Pollington, Stephen. THE MEAD-HALL. Anglo-Saxon Books. 2003. This deals with feasting in Anglo-Saxon times – not just what was eaten, but physical aspects such as the hall itself, tableware, entertainment, etc. RECOMMENDED for people interested in that time period and place.

Pouncy, Carolyn Johnston. THE DOMOSTROI RULES FOR RUSSIAN HOUSEHOLDS IN THE TIME OF IVAN THE TERRIBLE. Cornell University Press. 1994. This is a translation of a Russian household manuscript from the 16th century. While there is not much on Russian food of the time, there are a few recipes. It is the only book I know of in English with any information on period Russian food. RECOMMENDED for people wanting information on Russian food.

Power, Eileen. THE GOODMAN OF PARIS (Le Menagier de Paris). Harcourt, Brace & Company, 1928. A Translation of late 14th century treatise written by a man for his young wife to instruction her on running their household. It contains not only recipes, but instructions on all areas of domestic life. RECOMMENDED

Quayle, Eric. OLD COOK BOOKS. An Illustrated History. E.P Dutton. 1978. An interesting book about historical cookbooks with some original recipes included. RECOMMENDED.

Redon, Odile, Sabban, Francoise, & Serventi, Silvano. THE MEDIEVAL KITCHEN. RECIPES FROM FRANCE AND ITALY. The University of Chicago Press. 1998. A good book with 14th and 15th century recipes, both in translation and redacted. Good information about food and cooking of the time. RECOMMENDED.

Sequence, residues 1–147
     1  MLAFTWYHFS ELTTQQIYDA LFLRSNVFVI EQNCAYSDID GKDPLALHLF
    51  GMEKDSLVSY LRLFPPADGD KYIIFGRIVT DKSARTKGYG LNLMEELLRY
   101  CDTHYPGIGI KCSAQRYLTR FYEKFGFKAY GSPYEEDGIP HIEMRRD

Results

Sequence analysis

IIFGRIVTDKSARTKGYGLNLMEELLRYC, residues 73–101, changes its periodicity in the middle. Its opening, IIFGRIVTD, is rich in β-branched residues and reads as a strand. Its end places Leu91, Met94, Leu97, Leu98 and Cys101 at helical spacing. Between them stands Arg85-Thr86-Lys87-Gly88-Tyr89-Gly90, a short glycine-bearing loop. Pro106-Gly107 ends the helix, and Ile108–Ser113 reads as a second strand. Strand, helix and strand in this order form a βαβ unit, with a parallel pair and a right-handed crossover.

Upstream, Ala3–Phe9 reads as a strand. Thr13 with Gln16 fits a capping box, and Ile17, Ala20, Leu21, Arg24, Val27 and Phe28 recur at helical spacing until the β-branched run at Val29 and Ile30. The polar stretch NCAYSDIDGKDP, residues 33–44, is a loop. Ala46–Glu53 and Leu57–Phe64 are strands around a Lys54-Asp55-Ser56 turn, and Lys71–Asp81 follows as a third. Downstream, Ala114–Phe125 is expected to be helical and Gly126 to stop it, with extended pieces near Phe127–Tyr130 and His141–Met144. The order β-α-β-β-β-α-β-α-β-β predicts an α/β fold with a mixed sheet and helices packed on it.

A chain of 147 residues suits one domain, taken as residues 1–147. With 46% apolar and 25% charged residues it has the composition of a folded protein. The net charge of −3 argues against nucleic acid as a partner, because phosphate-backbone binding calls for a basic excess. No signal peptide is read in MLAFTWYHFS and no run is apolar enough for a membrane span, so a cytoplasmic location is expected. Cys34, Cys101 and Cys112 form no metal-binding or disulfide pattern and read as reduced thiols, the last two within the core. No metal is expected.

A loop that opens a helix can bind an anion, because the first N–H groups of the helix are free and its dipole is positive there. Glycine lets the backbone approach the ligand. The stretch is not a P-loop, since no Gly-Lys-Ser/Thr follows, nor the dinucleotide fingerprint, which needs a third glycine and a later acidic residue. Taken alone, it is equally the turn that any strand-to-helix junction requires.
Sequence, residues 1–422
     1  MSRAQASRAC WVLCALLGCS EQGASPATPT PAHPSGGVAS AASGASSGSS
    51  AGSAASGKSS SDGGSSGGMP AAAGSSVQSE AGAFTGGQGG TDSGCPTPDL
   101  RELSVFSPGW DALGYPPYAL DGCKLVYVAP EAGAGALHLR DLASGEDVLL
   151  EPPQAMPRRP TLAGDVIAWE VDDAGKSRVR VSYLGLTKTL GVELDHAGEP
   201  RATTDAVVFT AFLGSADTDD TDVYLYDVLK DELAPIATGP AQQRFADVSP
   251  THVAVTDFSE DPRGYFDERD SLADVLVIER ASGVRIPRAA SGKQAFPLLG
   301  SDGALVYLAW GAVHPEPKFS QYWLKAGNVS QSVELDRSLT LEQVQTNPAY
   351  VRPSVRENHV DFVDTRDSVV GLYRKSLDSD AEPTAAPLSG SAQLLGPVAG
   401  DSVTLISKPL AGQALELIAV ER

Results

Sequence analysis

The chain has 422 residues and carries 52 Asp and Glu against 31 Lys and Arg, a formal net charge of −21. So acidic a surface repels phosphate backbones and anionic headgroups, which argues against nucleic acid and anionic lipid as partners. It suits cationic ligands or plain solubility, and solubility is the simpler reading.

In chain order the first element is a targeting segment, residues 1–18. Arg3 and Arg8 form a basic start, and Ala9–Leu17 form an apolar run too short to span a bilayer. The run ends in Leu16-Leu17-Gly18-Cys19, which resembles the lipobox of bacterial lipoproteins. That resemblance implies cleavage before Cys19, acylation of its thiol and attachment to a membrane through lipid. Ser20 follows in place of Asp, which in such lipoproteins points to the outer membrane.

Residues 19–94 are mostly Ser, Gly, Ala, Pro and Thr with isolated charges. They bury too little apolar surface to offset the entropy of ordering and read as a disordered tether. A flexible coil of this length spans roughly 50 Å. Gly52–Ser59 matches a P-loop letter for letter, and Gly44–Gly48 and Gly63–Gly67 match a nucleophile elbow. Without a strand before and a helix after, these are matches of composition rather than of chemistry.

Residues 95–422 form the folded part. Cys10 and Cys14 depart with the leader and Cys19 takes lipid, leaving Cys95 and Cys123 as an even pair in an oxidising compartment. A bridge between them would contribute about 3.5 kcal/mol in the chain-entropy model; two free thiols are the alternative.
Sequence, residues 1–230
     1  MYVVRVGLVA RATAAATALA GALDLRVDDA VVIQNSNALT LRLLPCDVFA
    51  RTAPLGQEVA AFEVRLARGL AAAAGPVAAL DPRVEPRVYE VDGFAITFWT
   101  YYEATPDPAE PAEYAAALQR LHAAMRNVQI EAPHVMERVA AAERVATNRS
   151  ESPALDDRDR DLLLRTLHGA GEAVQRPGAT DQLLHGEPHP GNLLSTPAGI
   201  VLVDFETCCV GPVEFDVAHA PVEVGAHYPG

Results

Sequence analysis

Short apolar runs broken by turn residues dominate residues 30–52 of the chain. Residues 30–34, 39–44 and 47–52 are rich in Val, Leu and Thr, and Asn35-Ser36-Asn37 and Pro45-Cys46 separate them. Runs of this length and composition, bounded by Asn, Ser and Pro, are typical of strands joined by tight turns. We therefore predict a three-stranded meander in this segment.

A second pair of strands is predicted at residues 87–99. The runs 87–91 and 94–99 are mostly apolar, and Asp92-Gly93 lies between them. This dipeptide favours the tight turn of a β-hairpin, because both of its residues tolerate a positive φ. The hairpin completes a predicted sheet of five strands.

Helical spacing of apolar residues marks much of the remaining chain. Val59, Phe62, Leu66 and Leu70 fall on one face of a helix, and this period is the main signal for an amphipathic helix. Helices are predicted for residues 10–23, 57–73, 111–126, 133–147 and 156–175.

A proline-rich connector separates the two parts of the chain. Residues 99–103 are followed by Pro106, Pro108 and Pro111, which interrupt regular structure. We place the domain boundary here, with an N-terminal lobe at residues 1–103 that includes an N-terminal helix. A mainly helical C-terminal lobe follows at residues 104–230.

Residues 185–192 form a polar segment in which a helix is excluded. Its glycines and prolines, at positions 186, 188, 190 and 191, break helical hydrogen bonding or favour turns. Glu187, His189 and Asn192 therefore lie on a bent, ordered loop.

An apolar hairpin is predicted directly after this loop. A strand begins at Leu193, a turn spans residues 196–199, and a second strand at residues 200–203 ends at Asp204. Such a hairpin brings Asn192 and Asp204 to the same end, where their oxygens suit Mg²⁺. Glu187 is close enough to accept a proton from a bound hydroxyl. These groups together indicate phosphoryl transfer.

Renfrow, Cindy. A SIP THROUGH TIME. Privately printed. 1995. This is an extensive collection of old brewing recipes. Unfortunately, the vast majority are post 1650. Therefore this book should be used with care. RECOMMENDED but check the dates on the recipes.

Renfrow, Cindy TAKE A THOUSAND EGGS OR MORE, VOLS 1 & 2. Privately printed. Original 15th century recipes plus a lot of modern redactions. Good information on how to do your own redactions. RECOMMENDED.

Riley, Gillian. RENAISSANCE RECIPES. Pomegranate Artbooks. 1993. Pictures involving food and redacted recipes to go along with the picture. No original recipes are given. The pictures can be useful to see how Renaissance food looked like. Without the originals of the recipes, I do not trust them. NOT RECOMMENDED except for the pictures.

Riley, Gillian. THE DUTCH TABLE. Pomegranate Artbooks. 1994. Pictures involving food and redacted recipes to go along with the picture. No original recipes are given. The pictures can be useful to see how late period food looked like. Without the originals of the recipes, I not trust them. NOT RECOMMENDED except for the pictures.

Ritchie, Carson I.A. FOOD IN CIVILIZATION. Beauford Books, Inc., 1981. This book attempts to show how history has been affect by human tastes. It is, unfortunately, more of a "pop" overview of food history, and how it interacts with history in general. There are much better books around. NOT RECOMMENDED.

Rivera, Oswald. THE PHARAOH'S FEAST. Four Walls Eight Windows. 2003. This book claims to be about cooking through the ages with 110 simple recipes. The recipes may be simple, but no original recipes are included so I cannot not call them authentic. NOT RECOMMENDED